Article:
I was tinkering around in my mind with what I wanted to do for the letter F, because I was really undecided, but then I was inspired by a post by Aj about Fire and decided to follow my line of thought in my own blog post.
While I am going to talk about the flame of Apollon, I think that is important that I don’t associate Apollon with fire. He is a god of light. I agree entirely with Aj that Hephaistos is directly associated with the flame itself…read more in her post about Hephaistos and fire. Meanwhile I differ from her in the opinion that Hestia represents that which channels, houses and fuels the fire. this may be the domestic hearth over which she presides as a domestic “housewife” type of goddess, but also extends in the sacred places as she has been described as the goddess of the hearth dwelling at Delphi and Olympos both. In this fashion I see her as the heart of the flame…the center around which the flame rests and what fuels it and then the surrounding encloser which maintains it…such as tinder in a hearth and the stone hearth itself, the core of the planet around which the molten lava is turned and the hard mantel and crust of the earth (whereas comparatively the volcano is a rupture in this surface in which the magma, the fire substance of the earth, is able to rush to the surface), and the center of the sun etc etc. In this sense Hestia is truly the center of all things as described in Pythagorean philosophy, for if fire is at the center of all things, she is not only surrounding it to maintain it but also dwells at its center….appropriate for a goddess who tends to the fires of the hearth in poetic depictions. Apollon though touches on neither of this areas, his light is a very specific byproduct of the function of fire and the reach of which is far more extended and affluential (as we can see by the stars in the sky whose light travels very long distances to be seen by our eyes). As such the torch represents his domain which is a specific byproduct of fire, the light which illuminates all things and which sustains life.
Though people don’t often associate the torch and its flame with Apollon, as evident by the fact I was made aware of that in searching theoi.com Apollon did not come up in a search for torch-bearing gods, it is an important symbol of his worship that is not often depicted. Typically we get Apollon with his bow instead, which, as we see from a passage of Argonautika wherein Jason is fleeing with Medea, that Apollon lights up the night with his bow upheld. In this function his bow is acting as a torch but is not a torch. Yet the same author in another passage describes the god returning from Hyperborea, walking across the sea, with his torch upheld. Likewise Aristophanes in his play the Thesmophoriazusae has a bard who, in speaking of the mysteries of Demeter, sings of the torch-bearing children of Leto, for which reason I strongly associate the mystagogs who led the procession of those who were to be initiated with these two deities, as Iakkhos joins them when the party of initiates joins with them in the procession at a later point prior to arriving at Eleusis. A slightly related idea is represented on a plaque in which Apollon, though he is holding a stag instead of a torch, has at either side of him two youths bearing torches which are lowered in deference to him.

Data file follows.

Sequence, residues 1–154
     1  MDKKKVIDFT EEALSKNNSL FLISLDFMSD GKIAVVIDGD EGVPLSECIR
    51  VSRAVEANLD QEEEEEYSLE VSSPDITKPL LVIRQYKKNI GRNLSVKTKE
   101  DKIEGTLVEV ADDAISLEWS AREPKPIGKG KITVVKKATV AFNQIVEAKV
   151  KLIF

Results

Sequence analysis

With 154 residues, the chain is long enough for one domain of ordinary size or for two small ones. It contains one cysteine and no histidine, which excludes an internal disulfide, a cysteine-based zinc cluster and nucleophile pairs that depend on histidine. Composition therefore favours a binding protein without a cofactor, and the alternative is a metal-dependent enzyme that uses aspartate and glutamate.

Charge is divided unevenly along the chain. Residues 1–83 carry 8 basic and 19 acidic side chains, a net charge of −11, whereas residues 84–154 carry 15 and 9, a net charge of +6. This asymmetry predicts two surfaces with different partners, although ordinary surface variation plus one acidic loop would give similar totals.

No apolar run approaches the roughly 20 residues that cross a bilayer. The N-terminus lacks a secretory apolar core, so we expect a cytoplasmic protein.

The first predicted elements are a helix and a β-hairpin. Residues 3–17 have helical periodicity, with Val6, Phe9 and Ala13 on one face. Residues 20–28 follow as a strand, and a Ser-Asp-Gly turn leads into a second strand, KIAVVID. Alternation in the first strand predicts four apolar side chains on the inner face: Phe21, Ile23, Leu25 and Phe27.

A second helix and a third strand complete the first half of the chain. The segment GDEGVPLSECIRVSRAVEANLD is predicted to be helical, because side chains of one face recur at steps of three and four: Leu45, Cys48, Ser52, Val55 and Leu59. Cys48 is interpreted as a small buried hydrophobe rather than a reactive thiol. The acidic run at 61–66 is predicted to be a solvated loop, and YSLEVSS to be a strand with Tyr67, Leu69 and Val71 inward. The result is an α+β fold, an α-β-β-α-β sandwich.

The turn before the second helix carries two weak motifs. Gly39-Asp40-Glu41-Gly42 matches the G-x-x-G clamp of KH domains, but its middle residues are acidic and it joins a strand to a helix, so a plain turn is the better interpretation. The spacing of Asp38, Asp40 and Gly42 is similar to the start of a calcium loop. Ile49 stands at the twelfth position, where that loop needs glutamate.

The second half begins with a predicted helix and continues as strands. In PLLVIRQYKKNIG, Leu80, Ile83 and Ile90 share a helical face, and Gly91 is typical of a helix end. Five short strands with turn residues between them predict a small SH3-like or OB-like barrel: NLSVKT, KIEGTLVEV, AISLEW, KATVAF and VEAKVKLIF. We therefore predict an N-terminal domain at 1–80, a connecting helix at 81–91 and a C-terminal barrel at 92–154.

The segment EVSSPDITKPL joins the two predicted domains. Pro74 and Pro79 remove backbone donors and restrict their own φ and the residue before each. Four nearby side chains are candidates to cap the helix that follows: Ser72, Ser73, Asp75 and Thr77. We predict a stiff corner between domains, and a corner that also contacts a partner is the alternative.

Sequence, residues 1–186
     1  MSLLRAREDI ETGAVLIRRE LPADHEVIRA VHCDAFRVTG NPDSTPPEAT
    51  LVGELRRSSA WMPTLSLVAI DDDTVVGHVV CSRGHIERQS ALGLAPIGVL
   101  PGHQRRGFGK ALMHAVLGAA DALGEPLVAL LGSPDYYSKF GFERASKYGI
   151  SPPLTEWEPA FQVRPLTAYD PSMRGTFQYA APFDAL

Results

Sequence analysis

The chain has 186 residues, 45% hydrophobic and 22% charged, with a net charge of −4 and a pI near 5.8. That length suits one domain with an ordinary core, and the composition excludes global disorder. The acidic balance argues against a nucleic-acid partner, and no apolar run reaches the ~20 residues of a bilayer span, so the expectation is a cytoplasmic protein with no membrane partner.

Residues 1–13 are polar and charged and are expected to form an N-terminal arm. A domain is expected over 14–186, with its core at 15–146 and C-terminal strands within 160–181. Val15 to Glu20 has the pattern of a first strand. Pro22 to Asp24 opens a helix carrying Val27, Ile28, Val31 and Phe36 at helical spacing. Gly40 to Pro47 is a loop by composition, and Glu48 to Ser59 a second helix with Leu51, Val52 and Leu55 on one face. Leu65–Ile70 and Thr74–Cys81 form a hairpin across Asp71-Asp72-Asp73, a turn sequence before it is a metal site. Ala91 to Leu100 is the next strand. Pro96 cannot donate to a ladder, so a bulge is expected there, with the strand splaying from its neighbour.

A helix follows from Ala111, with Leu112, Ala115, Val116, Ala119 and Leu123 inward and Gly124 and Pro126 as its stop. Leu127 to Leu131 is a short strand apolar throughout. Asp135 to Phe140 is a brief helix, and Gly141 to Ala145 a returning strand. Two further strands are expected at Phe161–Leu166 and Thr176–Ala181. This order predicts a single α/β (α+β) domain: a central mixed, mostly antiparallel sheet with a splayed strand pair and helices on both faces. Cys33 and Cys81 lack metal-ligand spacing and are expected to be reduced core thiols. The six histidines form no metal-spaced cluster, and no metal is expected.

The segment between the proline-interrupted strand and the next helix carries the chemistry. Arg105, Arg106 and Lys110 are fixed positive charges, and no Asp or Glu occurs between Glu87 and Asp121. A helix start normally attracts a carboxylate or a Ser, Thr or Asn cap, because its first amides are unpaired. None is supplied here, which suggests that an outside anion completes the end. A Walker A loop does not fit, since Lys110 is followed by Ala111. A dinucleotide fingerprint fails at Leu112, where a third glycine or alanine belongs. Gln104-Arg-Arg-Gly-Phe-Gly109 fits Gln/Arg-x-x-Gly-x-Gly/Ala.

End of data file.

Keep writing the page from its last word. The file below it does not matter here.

Perhaps it is something that should be expected as we see his twin, who is likewise associated with light as he is, often mentioned by ancient writers in depictions in which she is carrying a torch or lamp, and also Leto, as we also see from the Gigantomachy frieze of the Pergamon Altar, is holding a torch in the fight against the Giants with Artemis and Apollon (who sadly is in such bad condition that it cannot be determine what exactly he is doing…be presumably in this scene, determining from their postures, both he and Artemis are shooting arrows. This presents an interesting association with Leto who, as their mother, quite literally bears light just as the dark night and underworld issues life…who issues light into the world, and the arrows of the twins which may be associated with the far-reaching emanations of the flame as both gods are attributed with the epithets that refer to shooting from afar.